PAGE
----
Skyrim is bland and shallow. That may seem a very odd statement to a lot of people, but I’ll stand by it. Games as a medium are constantly evolving yet, in another fashion, devolving. The sense that ‘bigger is always better’ is one that has always been in the gaming psyche; even when games just became longer, contained more levels, hundreds of collectables etc, there was always a want for more. This to me, is where Skyrim falls down.
The game is huge and there is a lot to do, but at no point do you have to delve very deep to do any of it. It actively throws activities at you. In Oblivion, when you found something new it felt like you’d walked miles and talked to hundreds of people before getting to this point. It wasn’t a case of going from point to point, but a great sense of discovery. With the latest entry to the series Bethesda managed to make one of its most interesting franchises bland and highly repetitive.
There is something to uncover every two feet in Skyrim. Sure that’s fantastic for anyone who wants bang for their buck, but for me it made the idea of spending hours exploring the landscape extremely unattractive. Half the wonder of finding something undiscovered, is just that: it’s undiscovered. When you walk two seconds, in any direction, from a town and are met with five or six different ‘exciting explorative options’ it’s hard to suspend your disbelief that no one else within the world has been here or seen it.
With Oblivion the world felt less lived in and nature seemed to be as big a character as any Daedric prince or Dark Brotherhood assassin, which lent a more organic feel to the world. Unfortunately, Bethesda’s latest effort feels cold and bland. Maybe this is exactly what they were going for when choosing the territory of Skyrim, but the constant grey and white landscape that a lot of the game is set in, gets old very quickly. A game you’re supposed to be spending countless hours in cannot be unexciting to simply look at.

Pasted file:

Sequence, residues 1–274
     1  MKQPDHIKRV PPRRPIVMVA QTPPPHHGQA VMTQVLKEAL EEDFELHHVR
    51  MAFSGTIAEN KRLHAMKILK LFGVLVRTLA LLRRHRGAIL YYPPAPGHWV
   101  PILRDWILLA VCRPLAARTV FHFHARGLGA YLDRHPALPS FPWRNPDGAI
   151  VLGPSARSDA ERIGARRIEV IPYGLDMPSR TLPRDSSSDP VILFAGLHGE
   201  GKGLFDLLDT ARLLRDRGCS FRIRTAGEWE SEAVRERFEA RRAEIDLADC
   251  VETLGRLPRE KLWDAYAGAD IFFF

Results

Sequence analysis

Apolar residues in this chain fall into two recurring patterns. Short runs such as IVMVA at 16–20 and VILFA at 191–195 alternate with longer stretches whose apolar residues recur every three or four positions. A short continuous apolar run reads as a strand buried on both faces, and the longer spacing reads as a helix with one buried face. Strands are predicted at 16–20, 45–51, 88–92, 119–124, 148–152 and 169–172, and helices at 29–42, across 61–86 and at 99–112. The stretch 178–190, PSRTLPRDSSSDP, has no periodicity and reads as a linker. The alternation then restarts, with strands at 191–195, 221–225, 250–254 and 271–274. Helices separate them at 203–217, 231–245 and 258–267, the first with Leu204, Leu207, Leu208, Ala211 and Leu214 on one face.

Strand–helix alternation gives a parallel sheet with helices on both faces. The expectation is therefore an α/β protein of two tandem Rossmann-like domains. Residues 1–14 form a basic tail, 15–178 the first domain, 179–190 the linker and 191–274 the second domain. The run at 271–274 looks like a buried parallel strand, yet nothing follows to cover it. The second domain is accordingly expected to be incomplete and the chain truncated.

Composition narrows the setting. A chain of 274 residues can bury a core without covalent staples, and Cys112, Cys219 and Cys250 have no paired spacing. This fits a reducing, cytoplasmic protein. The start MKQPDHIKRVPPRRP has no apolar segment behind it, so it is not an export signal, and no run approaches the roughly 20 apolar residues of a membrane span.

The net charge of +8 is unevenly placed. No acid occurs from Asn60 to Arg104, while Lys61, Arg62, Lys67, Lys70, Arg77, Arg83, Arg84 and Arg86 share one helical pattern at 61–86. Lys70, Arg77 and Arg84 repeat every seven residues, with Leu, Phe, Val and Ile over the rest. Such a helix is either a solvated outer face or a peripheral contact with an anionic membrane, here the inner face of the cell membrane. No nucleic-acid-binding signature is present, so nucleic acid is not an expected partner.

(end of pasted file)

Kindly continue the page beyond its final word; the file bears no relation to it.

Besides art direction, the world of The Elder Scrolls has always felt very alive due to its characters. Cyrodiil was somewhere I wanted to get to know people, the characters were larger than life and all, while a little stale at times, well voice acted. This is a remarkable feat considering the small number of voice actors (fourteen in total) that the main game used. I don’t know if it was the constant familiarity of the voices that made the game so entertaining or if it was the actual writing, but I enjoyed conversing with the inhabitants of Cyrodiil a lot more than those of Skyrim.
I’m by no means a ‘hardcore’ Elder Scrolls player, but I still feel like some of the magic was lost with the higher production values. I would be foolish to argue that Skyrim had a worse control-scheme than its predecessor, as it’s something that really needed changing. But for all of its improvements, all I was left with was the sense that I wished Oblivion could have this control scheme and not how good Skyrim was because of it.
I feel both games will be remembered fondly, but for myself, dragons, snow, civil war and even an arrow to the knee couldn’t make me play Skyrim any longer than I already have. And when it really comes down to it, I would much rather fight alongside Sean Bean to avenge Patrick Stewart, by going through portals to an ungodly plain, than flailing around trying to kill a dragon every two feet.